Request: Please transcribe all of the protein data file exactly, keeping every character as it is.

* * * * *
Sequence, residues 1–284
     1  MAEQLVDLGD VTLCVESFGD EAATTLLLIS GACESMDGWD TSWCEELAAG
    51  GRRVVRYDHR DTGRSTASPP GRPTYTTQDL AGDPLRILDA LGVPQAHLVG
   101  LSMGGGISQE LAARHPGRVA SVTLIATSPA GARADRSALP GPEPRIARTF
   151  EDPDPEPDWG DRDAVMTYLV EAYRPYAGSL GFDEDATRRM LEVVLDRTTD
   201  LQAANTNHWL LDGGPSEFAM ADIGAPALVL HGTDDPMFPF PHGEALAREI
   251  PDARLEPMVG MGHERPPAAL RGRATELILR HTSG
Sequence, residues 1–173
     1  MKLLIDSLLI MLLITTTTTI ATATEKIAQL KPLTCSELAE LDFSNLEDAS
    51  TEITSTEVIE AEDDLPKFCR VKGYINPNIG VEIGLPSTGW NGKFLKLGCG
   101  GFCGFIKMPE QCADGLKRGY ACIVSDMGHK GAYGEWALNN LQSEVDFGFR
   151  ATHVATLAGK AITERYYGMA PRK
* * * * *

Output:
Sequence, residues 1–284
     1  MAEQLVDLGD VTLCVESFGD EAATTLLLIS GACESMDGWD TSWCEELAAG
    51  GRRVVRYDHR DTGRSTASPP GRPTYTTQDL AGDPLRILDA LGVPQAHLVG
   101  LSMGGGISQE LAARHPGRVA SVTLIATSPA GARADRSALP GPEPRIARTF
   151  EDPDPEPDWG DRDAVMTYLV EAYRPYAGSL GFDEDATRRM LEVVLDRTTD
   201  LQAANTNHWL LDGGPSEFAM ADIGAPALVL HGTDDPMFPF PHGEALAREI
   251  PDARLEPMVG MGHERPPAAL RGRATELILR HTSG
Sequence, residues 1–173
     1  MKLLIDSLLI MLLITTTTTI ATATEKIAQL KPLTCSELAE LDFSNLEDAS
    51  TEITSTEVIE AEDDLPKFCR VKGYINPNIG VEIGLPSTGW NGKFLKLGCG
   101  GFCGFIKMPE QCADGLKRGY ACIVSDMGHK GAYGEWALNN LQSEVDFGFR
   151  ATHVATLAGK AITERYYGMA PRK